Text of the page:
Consider any stable marriage procedure and any woman . There is a polynomial manipulation scheme that, for any profile which is universally manipulable by , produces the female optimal partner for . Otherwise, it produces the same partner.
Proof
Consider the manipulation attempt that moves the male optimal partner of to the lower end of ’s preference ordering, obtaining the new profile . Consider now the behaviour of the menproposing GaleShapley algorithm on and . Two cases are possible for : is proposed to only by man , or it is proposed to also by some other man . In this second case, it must be prefers to since is the male optimal partner for .
If is proposed to by and also by some , then, when compares the two proposals, in she will decide for , while in she will decide for . At this point, in , will have to propose to the next best woman for him, that is, , and she will accept because of the assumptions on her preference ordering. This means that (who was married to in ) now in has to propose to his next best choice, that is, , who will accept, since prefers to . So, in , the male optimal partner for , as well as her female optimal partner, is . This means that there is only one stable partner for in . Therefore, any stable marriage procedure must return as the partner for .
Thus, if woman wants to manipulate a stable marriage procedure, she can check if the profile is universally manipulable by her. This involves simulating the GaleShapley algorithm to see whether she is proposed by only or also by some other man. In the former case, she will not do the manipulation. Otherwise, she will move to the far right it and she will get her female optimal partner, whatever stable marriage procedure is used. This procedure is polynomial since the GaleShapley algorithm takes quadratic time to run.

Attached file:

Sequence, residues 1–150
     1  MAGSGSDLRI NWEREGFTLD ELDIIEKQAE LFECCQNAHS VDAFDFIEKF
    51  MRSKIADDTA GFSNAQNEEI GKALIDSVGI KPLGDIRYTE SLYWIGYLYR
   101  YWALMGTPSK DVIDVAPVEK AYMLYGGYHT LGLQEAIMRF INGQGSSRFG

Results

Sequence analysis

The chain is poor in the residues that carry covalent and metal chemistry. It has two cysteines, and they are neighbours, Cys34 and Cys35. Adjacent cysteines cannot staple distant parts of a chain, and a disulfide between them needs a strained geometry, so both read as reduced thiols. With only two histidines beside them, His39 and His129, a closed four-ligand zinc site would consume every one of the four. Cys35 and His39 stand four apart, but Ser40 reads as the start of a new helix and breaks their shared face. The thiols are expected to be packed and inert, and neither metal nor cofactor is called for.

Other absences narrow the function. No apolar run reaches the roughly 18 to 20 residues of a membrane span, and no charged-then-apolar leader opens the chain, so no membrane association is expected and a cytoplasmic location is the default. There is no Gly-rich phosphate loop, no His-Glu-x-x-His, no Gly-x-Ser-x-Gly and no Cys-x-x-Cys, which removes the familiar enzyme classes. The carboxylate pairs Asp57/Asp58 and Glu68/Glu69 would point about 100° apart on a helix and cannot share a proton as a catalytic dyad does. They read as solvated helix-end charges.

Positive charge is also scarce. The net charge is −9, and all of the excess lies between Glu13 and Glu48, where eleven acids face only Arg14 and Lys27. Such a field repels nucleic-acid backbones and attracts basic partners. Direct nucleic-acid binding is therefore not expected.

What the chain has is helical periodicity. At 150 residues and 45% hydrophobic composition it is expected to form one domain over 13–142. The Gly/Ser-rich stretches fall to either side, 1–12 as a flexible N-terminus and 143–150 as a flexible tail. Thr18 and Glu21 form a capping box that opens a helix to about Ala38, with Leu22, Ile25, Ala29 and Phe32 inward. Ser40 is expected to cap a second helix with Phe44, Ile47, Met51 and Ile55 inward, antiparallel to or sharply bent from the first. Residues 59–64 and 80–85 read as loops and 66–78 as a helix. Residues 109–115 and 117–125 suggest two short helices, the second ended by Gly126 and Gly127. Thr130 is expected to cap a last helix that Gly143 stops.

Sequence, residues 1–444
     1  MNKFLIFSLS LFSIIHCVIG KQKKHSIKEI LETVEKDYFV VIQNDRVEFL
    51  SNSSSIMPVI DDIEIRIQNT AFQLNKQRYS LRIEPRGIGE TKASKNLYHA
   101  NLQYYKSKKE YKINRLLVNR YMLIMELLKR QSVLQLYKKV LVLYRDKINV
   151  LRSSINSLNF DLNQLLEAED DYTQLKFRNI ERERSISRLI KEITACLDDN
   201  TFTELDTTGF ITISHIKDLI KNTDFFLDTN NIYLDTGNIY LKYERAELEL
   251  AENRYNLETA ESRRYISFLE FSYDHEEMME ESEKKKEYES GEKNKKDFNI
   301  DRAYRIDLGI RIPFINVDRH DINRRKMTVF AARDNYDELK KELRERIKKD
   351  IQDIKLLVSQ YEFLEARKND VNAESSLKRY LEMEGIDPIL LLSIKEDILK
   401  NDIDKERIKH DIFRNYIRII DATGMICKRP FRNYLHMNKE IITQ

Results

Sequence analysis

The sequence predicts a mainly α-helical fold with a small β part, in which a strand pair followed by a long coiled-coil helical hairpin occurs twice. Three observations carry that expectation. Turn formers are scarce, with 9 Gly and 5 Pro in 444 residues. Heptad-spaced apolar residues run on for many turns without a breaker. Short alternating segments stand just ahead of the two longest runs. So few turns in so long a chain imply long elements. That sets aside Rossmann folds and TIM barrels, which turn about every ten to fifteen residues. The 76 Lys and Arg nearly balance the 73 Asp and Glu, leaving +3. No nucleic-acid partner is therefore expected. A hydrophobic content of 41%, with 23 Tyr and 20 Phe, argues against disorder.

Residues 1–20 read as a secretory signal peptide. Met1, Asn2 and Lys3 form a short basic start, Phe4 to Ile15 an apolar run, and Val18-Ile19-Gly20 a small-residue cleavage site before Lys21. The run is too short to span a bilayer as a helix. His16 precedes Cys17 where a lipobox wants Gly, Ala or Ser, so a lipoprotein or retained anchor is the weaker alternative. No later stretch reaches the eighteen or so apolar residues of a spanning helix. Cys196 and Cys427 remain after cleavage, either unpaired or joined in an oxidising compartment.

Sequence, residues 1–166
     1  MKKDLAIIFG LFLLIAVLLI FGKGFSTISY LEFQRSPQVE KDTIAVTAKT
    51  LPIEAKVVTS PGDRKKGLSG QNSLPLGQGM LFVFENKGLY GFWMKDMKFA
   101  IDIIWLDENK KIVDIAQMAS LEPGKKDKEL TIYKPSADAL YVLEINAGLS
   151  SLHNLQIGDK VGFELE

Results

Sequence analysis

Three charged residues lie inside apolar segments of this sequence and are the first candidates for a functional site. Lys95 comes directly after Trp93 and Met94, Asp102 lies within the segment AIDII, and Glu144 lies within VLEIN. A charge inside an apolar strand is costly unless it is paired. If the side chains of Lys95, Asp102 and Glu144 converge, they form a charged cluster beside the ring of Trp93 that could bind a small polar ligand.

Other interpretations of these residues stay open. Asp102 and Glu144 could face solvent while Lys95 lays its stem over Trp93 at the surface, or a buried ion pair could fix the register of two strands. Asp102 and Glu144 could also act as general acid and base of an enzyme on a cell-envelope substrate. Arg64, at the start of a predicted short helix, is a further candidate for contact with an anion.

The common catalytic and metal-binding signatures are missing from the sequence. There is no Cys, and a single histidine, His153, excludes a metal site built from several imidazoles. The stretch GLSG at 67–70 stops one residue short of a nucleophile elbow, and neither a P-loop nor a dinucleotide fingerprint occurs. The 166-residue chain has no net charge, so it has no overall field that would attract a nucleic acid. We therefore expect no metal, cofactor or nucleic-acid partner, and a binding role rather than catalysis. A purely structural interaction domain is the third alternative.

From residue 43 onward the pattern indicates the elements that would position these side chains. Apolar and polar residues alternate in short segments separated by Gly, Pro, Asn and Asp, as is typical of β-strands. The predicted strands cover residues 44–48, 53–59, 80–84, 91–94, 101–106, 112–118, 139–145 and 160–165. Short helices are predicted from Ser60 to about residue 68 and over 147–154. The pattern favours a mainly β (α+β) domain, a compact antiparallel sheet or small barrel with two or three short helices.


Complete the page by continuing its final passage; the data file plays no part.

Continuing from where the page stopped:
Example 0
In a setting with 3 men and 3 women, consider the profile In this profile, the male optimal solution is This profile is universally manipulable by . In fact, woman can successfully manipulate by moving after , and obtaining the marriage , thus getting her female optimal partner. Notice that this holds no matter what stable marriage procedure is used. This same profile is not universally manipulable by or , since they receive just one proposal in the menproposing GaleShapley algorithm. In fact, woman cannot manipulate: trying to move after gets a worse result. Also, woman cannot manipulate since her male optimal partner is her least preferred man.
Restricting to universally manipulable profiles makes manipulation computationally easy. On the other hand, if we allow all possible profiles, there are stable marriage procedures that are NPhard to manipulate. The intuition is simple. We construct a stable marriage procedure that is computationally easy to compute but NPhard to invert. To manipulate, a man or a woman will essentially need to be able to invert the procedure to choose between the exponential number of possible preference orderings. Hence, the constructed stable marriage procedure will be NPhard to manipulate. The stable marriage procedure used in this proof is somewhat “artificial”. However, we will later propose a stable marriage procedure which is more natural while remaining NPhard to manipulate. This procedure selects the stable matching that is most preferred by the most popular men and women. It is an interesting open question to devise other stable marriage procedures which are “natural” and computationally difficult to manipulate.
Theorem 4
There exist stable marriage procedures for which deciding the existence of a successful manipulation is NPcomplete.